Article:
Red Sox return to familiar Fenway sounds; who has the best walk-up music?


The Red Sox return to Fenway Park following the All-Star break, opening up a three-game set with the Kansas City Royals tonight. The players return to the comforts of home, including their favorite tunes accompanying them to the plate.

Just recently, I became aware that San Francisco’s Michael Morse employs seminal 80’s hit “Take on Me,” by A-ha in his approach to the dish for his third plate appearance of the night at AT&T Park. He’s actually been using it for several years, as this Deadspin piece points out. How did I miss this? Is this my punishment for fighting the system and giving up cable when I lived in a 375 square foot box in the South End? Missing the 2012 NLCS apparently meant missing out on the magic.

Look at that: 40,000 plus in unison, fighting back the onset of winter in their crimson jackets and hoodies, belting out A-ha as the home team fights to stay alive. Unfortunately for Morse and the Nats, “I’ll be gone in a day or twoooo” proved prescient, as the Cardinals bounced the D.C. nine in five games.

Such is the beauty of 21st century baseball with its walk-up music. It can be jarring (thanks, Lil’ Jon). It can be mistakenly profane (thanks, Manny). Like it or not, it’s part of the stadium experience, like when a professional wrestler heads to the ring. Heck, WWE fan and Oakland A’s outfielder Josh Reddick even used a pro wrestler’s entrance theme. And this.

In recent seasons, Red Sox fans have held sing-alongs to Bob Marley’s “Three Little Birds” for Shane Victorino’s approach, and we can’t forget the fan reaction to Kevin Youkilis with Biz Markie’s “Just a Friend.” (Oh baby Yooouuuk!) And closers do it, too.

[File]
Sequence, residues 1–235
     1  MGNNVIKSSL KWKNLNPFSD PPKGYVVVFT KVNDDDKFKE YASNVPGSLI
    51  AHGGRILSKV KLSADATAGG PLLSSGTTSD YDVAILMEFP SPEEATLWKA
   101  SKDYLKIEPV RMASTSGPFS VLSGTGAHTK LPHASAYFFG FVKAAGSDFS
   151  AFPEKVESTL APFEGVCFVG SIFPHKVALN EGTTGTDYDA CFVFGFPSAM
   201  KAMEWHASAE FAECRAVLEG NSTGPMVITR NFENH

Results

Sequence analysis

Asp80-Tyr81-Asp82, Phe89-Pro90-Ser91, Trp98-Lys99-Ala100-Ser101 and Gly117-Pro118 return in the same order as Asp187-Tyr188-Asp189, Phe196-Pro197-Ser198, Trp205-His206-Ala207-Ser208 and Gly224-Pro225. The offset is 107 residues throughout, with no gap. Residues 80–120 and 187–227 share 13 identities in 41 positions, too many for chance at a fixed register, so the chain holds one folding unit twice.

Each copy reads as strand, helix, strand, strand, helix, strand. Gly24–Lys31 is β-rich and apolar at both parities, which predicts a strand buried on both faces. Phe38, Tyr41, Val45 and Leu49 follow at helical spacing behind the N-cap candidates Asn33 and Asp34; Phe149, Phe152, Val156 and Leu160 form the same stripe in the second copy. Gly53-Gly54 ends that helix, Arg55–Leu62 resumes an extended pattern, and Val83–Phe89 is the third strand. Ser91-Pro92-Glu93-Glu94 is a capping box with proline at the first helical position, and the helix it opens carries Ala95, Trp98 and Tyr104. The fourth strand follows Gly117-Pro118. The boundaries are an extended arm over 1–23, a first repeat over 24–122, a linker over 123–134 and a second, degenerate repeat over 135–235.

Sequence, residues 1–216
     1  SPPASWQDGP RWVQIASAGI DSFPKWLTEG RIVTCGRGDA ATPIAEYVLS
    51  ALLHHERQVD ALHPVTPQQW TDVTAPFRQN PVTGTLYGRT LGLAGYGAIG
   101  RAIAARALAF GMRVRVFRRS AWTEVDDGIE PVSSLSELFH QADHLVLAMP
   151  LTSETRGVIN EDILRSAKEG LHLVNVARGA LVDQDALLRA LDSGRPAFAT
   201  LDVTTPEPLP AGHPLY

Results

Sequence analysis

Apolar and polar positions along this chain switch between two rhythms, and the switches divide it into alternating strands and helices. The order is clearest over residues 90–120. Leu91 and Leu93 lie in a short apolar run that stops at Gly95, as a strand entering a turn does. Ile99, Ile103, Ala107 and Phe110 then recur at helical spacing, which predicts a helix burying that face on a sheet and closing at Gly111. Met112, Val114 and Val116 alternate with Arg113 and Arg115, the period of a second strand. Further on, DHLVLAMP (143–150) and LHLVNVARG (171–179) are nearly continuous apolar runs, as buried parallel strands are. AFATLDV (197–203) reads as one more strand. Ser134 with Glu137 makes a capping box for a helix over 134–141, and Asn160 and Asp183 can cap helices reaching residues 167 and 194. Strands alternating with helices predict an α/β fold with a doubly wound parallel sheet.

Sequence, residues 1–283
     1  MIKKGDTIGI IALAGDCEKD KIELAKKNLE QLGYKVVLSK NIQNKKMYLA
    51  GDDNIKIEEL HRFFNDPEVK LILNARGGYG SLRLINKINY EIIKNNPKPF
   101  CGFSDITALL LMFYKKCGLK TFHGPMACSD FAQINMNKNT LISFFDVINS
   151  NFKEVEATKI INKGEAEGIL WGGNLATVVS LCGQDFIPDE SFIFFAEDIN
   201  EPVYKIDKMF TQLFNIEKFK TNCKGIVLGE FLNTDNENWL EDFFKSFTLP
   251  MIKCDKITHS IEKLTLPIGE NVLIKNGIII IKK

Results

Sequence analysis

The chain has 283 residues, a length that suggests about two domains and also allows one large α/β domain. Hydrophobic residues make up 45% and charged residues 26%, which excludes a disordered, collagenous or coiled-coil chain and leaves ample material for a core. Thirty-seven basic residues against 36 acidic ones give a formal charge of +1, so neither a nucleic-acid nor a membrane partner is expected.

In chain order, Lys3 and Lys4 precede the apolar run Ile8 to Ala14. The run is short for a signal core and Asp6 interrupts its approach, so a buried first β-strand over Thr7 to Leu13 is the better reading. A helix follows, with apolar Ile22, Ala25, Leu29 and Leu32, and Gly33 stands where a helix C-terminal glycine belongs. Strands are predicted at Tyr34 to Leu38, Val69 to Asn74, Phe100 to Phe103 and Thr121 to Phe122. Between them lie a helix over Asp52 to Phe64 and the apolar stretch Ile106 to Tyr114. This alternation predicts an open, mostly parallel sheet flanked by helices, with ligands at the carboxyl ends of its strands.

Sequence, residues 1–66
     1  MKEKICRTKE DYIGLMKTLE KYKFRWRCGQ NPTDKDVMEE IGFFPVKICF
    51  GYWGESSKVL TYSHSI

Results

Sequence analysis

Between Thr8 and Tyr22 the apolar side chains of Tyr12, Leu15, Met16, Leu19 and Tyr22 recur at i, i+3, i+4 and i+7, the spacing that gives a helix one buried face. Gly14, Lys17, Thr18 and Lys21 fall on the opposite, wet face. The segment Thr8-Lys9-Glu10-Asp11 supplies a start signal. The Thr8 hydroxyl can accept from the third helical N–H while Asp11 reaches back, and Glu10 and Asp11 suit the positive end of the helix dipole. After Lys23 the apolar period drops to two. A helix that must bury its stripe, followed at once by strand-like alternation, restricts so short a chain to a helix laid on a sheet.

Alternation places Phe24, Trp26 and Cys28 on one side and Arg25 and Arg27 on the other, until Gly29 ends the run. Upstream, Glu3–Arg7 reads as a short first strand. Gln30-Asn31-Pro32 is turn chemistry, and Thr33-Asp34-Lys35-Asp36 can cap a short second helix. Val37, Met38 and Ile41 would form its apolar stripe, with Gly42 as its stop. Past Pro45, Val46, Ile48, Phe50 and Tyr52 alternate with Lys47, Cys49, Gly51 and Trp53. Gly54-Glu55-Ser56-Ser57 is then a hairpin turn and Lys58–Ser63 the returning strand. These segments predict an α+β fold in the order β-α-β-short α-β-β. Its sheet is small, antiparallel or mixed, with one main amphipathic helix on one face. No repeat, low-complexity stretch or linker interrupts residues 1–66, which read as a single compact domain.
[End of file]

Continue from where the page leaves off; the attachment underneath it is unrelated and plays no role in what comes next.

For years, Jonathan Papelbon used The Dropkick Murphys’ “Shipping Up To Boston” (with a fist-bump for the bullpen cop on the way out), popularizing the song as a playoff anthem, Riverdance meme and Sam Adams commercial accompaniment. But for my money, the best closer entrance was Keith Foulke, using “Mother” by Danzig. The guitar riff was a death knell for opposing batters in 2004, and even though Foulke faltered in the second half of his Sox career, he still had the most bad-ass entrance music in the game.

The current Sox display an investment in classic hip-hop. Dustin Pedroia, he of the West Coast roots, generally opts for some California rap like “Still D.R.E.” David Ortiz takes it way back with KRS-One’s “Step Into a World (Rapture’s Delight).” And catcher David Ross goes even further back, with old school dance floor anthems like “Funky Cold Medina” and “It Takes Two.”

Rookie Xander Bogaerts, somewhat fittingly, goes with “X Gon’ Give it to Ya” by DMX. But who did rookie Garin Cecchini lose a bet to for “Good Vibrations” by Marky Mark & the Funky Bunch?

And Koji Uehara? One word: Sandstorm.